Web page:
The midweek weather had us thinking of spring, but winter’s not done just yet.
Temperatures reached double-digits this week, but will fall back to seasonal levels, with precipitation showing up as snow.
While we can expect milder-than-average temperatures in the season that arrives next week, spring is always unpredictable, says David Phillips, senior climatologist with Environment Canada.
“Spring is what it is: it’s very fickle and fitful [and] it comes and it goes. You have winter wanting to hang on and summer wanting to get a foothold, but that is what spring is, the transition season. It is often the shortest, it’s always reluctant to arrive,” he said.
“Because we changed the calendar in March, people are talking about spring. You can’t smell it yet – smelling of it comes a little later – but clearly, it’s on people’s minds. I mean, we deal with winter, but we want it to be over. And so, what we hope for, wish for, is not necessarily what nature delivers,” said Phillips.
“It’s almost extreme maple syrup kind of weather, melting during the day and freezing at night, except this is probably a little bit more wild than you think. We [saw] temperatures that [got] up to 10 degrees, double digits and then staying that way, and rain. And so, it’ll feel like spring, it looked like spring, but it’s not necessarily the coming of spring. Typically, after the 1st of March you still get on average, I’m not saying this year but on average, you still get 34 centimetres of snow. I mean, 21 per cent of your annual snowfall occurs after the 1st of March. You’ve never had a spring without snow in the Kitchener or Guelph area. And typically, you can have 12 days with measurable snow.”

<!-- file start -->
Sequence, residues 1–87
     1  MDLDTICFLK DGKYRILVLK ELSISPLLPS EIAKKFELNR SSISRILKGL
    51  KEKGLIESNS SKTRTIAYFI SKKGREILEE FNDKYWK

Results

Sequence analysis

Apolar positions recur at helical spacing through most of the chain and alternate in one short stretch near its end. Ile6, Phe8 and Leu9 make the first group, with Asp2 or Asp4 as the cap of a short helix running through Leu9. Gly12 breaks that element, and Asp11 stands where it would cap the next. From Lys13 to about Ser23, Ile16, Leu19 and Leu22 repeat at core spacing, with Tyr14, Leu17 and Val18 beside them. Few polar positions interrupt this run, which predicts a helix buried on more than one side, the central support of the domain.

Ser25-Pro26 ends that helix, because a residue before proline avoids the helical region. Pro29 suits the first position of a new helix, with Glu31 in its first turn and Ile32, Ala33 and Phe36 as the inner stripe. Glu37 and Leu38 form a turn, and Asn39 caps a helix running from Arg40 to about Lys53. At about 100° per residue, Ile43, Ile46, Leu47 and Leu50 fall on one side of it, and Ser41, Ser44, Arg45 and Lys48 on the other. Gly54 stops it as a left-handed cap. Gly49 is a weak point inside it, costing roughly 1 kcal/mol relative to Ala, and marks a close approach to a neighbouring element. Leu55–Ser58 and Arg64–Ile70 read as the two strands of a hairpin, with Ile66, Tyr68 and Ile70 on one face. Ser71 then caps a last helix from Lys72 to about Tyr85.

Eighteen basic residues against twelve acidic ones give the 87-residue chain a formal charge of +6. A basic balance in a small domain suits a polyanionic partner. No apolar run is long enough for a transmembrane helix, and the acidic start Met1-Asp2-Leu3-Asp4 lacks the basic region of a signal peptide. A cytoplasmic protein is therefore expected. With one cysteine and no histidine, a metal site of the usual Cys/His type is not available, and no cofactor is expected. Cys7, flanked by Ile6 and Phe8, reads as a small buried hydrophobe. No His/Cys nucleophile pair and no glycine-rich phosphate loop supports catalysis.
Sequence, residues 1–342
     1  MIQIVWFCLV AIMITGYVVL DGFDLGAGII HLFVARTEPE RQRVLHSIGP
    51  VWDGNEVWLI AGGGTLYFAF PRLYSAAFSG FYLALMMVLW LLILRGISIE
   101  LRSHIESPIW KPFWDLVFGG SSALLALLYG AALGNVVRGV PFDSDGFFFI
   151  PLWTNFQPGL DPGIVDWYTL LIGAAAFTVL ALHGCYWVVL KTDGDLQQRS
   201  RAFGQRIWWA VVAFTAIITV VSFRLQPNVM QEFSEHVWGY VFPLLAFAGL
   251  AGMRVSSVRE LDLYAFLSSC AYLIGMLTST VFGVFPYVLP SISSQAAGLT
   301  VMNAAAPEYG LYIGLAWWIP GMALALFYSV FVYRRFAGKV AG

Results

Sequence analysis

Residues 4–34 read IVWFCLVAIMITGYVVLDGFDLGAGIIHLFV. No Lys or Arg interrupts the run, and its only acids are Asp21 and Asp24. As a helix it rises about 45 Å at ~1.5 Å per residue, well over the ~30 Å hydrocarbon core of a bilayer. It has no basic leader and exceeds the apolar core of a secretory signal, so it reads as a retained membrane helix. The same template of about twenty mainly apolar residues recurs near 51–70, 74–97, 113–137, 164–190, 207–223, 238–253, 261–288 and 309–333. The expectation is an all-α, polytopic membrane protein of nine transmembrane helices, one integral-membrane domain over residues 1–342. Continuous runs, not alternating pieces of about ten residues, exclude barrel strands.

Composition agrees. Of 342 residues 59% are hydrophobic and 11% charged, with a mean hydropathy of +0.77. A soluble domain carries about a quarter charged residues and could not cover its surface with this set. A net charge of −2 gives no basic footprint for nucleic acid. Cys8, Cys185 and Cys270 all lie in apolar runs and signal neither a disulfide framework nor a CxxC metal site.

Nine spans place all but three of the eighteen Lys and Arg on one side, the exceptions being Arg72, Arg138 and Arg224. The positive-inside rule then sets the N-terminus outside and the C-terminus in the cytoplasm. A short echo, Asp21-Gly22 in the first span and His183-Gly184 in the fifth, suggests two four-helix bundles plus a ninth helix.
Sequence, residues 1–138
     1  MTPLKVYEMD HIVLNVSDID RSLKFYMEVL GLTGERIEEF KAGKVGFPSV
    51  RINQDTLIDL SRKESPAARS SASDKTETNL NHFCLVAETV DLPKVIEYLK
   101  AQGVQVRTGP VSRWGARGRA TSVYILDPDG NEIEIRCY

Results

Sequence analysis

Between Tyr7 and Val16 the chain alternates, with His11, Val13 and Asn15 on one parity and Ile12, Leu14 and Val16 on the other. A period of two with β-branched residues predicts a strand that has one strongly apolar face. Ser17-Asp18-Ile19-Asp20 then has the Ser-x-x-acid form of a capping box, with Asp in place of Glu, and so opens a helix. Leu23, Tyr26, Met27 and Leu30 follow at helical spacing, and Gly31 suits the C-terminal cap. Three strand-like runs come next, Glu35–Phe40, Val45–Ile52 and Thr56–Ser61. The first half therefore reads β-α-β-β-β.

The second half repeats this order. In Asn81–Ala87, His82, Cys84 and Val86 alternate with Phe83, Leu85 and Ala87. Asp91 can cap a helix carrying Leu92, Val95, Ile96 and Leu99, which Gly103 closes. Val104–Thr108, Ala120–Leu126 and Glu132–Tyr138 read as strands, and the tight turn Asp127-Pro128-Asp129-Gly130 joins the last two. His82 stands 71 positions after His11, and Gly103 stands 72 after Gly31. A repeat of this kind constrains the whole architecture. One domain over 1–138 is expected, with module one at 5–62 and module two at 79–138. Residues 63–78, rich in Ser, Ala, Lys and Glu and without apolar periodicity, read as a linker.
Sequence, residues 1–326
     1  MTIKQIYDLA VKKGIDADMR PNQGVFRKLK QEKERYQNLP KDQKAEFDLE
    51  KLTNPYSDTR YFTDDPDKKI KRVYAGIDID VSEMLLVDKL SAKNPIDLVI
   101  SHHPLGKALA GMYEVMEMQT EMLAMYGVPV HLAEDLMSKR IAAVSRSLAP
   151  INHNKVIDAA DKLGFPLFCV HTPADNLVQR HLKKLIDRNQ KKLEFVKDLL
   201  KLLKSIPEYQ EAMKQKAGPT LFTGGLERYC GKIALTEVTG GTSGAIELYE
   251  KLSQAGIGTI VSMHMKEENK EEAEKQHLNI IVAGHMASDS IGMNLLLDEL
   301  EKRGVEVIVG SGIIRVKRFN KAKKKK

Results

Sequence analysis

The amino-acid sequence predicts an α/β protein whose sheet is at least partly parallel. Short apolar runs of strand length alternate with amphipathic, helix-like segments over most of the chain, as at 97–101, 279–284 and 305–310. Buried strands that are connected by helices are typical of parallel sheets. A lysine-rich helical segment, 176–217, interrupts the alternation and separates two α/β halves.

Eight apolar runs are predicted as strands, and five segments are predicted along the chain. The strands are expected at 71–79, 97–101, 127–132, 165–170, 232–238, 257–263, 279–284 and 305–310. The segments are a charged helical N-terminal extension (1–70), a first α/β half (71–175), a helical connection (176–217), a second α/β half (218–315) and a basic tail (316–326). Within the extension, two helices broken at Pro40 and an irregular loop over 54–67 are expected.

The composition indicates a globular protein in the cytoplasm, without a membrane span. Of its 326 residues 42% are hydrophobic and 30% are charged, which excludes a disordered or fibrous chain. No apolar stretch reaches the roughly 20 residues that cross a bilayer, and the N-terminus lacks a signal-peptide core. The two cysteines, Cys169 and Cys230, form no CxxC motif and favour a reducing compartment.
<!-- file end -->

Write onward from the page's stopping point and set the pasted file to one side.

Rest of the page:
The season’s unpredictability was on display last year, he notes.
“Last May, Mother’s Day was more like St Patrick’s Day. … Spring is that kind of fickle, fitful yo-yo kind of weather: back and forth, up and down.”
While temperatures for March and the rest of spring are expected to be higher than normal, residents shouldn’t put away the winter clothing just yet, he advises.
Average temperatures for the middle of March would come in with highs of about 4 degrees and lows of minus-6. While perhaps not as warm as people would like, the transition is good for farmers and for mitigating flooding, Phillips added.
“[It] helps to control the water flow, it always runs in the day and then kind of slows up at night and that’s the easy way out. You want to get rid of the look and the feel of winter before you get summer. If you go from winter to summer it is catastrophic, it’s not good for farmers, it’s not good for hydrology, for flooding, it’s not good for a lot of things. It’s always good just to kind of take its time and unfold like it should. The sun is higher in the sky now, you can feel when you’re walking around in your area, you can feel that sun. Even though it’s cool outside, that sun is seducing you to come out, and feel that warmth. The days are getting longer, of course, by three and a half minutes. So, we can feel it we tend to want it, and rush it. But sometimes it’s best to get normal weather, average weather.”
With the weather outlook promising, Phillips says he expects the 2021 maple syrup season to be very promising with near normal temperatures right now melting things during the day and freezing them again at night.
“My sense is that this is better than most years, and better than what we’ve had in recent years. So, my sense is that maple syrup producers will be happy.”